Ballet Dancers Get Racked Up About as Often as the Rams or Raiders
Tracy-Kai Maier felt an annoying twinge in her hip while rehearsing one of the more difficult moves in a modern ballet piece.
Like most athletes, Maier at first denied that she had a serious injury. Instead she continued to dance and the injury became more and more debilitating. The 27-year-old prima ballerina with the San Francisco Ballet had unfortunately entered the dark side of her profession. A place where pain replaces beauty, grace and elegance.
“I kicked my leg up and there was a pinch,” Maier said. “Every day after that it got weaker and weaker until I lost all strength in it.”
Maier had ripped part of a tendon in her hip joint during a movement that requires the dancer to turn her entire leg inward and kick it up in back of her. “The leg just isn’t supposed to do that normally,” she explained.
Pyriformis syndrome, as the hip injury is called, is common among ballet dancers, who constantly push their hip joints farther than nature intended they be pushed.
Each year, ballet dancers suffer debilitating joint injuries at a rate that is rather shocking to those outside the dance world.
“The injury rate with professional dancers depends on age and longevity,” said Dr. Jean Rosenbaum, director of the American Aerobics Assn. “The younger a dancer starts, the more injury prone they are because the joints have not yet fully formed. The older dancers, because of their longevity, are also more prone to injuries. The injury rate as a whole is very high--more than 80%.”
Rosenbaum’s studies define an injury as any incident that keeps a person from dancing.
Sports Medicine Pioneer
Dr. James Garrick, one of the nation’s pioneers in sports medicine and the director of St. Francis Hospital’s revolutionary DanceMedicine Clinic, says the injury rate for dancers is similiar to professional football.
“There were just slightly more injuries in the (San Francisco Ballet’s) company in the course of last year that required time out than there are people in the company,” Garrick said. “That injury rate is about what it is in professional football.”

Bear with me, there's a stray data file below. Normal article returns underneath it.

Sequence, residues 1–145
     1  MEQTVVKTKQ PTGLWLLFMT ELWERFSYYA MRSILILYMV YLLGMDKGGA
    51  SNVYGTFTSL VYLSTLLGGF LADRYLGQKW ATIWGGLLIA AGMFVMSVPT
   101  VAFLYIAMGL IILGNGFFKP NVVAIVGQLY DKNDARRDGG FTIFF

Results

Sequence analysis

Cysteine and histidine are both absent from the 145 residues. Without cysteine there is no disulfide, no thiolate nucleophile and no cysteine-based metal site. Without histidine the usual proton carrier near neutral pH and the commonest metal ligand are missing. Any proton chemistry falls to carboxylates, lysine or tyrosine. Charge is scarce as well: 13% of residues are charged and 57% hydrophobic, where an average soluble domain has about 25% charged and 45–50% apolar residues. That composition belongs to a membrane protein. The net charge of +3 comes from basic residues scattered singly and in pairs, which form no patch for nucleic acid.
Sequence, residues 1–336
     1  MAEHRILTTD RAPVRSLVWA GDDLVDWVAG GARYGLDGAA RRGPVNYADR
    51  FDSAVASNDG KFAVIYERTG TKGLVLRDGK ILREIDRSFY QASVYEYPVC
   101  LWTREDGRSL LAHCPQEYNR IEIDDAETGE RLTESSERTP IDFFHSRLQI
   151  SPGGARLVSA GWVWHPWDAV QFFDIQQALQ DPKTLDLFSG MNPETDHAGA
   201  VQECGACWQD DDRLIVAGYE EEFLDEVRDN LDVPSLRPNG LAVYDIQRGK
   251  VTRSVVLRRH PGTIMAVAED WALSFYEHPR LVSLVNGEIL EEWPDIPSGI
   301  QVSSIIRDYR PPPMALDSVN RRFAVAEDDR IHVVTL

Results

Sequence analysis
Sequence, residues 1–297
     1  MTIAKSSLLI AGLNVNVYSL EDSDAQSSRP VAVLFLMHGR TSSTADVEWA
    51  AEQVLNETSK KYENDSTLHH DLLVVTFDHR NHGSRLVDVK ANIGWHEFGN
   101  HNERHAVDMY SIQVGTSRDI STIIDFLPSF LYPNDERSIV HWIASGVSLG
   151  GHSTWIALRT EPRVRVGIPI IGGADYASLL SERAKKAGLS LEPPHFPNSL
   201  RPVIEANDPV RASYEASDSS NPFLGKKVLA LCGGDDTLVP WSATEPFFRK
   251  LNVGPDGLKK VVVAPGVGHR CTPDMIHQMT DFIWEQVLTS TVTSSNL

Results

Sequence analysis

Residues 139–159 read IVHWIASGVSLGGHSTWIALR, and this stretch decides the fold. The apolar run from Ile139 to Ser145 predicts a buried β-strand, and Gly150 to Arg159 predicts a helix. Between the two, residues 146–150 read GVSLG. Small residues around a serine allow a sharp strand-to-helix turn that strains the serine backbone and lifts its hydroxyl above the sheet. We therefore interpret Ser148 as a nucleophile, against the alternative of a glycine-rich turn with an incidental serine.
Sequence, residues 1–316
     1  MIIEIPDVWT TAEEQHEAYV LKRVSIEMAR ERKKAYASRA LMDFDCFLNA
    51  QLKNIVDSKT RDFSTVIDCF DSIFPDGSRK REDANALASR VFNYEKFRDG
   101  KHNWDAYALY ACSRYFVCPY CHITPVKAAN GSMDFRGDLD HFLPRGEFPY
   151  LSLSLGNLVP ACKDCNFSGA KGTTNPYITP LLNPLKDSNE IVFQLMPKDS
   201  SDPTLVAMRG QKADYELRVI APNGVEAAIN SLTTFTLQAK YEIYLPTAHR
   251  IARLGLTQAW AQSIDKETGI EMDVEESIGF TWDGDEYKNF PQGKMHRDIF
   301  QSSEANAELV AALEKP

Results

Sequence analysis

A recent study of 85 ballerinas over a three-year period revealed that 72 of the study group suffered 268 injuries collectively. Knee injuries accounted for 7% of the total, but when it came to career-ending injuries, knee injuries accounted for 56%. Treatment of the 268 injuries cost the ballet companies involved $363,000.
While most football injuries are related to contact, ballerinas usually become injured because of technique and turnout problems, resulting in stress fractures, tendonitis, bursitis and other slowly developing “overuse injuries.”
Maier is rather typical of all dancers. She started dancing at age 6 as a child in Sacramento, has had sprained ankles, lower back problems, tendonitis in her feet and ankles, and various other injuries in her feet and legs.
She spends hours on damage control, applying ice, ultrasound and friction massage to the injured areas of her body. She also takes preventive steps and does exercises to keep from getting injured.
Maier says she has been lucky during her eight years with the San Francisco company and has only had to stop dancing once, in her first season, before she learned how to keep from getting seriously injured.
Garrick began concentrating on the treatment of sports injuries while at the University of Washington in the early 1970s. He later moved to San Francisco and started one of the country’s leading sports medicine centers at St. Francis Hospital, where he has treated Joe Montana, Brian Boitano, Billie Jean King and others.
In the early 1980s, after seeing a steady stream of aerobic dancers coming to his clinic for treatment, he opened the nation’s first dance medicine department along with an associate, Patrice Whiteside.
Over the last few years, his DanceMedicine clinic has become a focal point for injured ballerinas. Dancers such as Natalia Makarova and several company members from the Bolshoi Ballet have been among those treated.
Garrick and other specialists at the clinic see about 2,500 patients a month for injury diagnoses, treatment, preventive measures and surgeries. Their aim is to get athletes back on the field, in the gym or on the stage as soon as possible.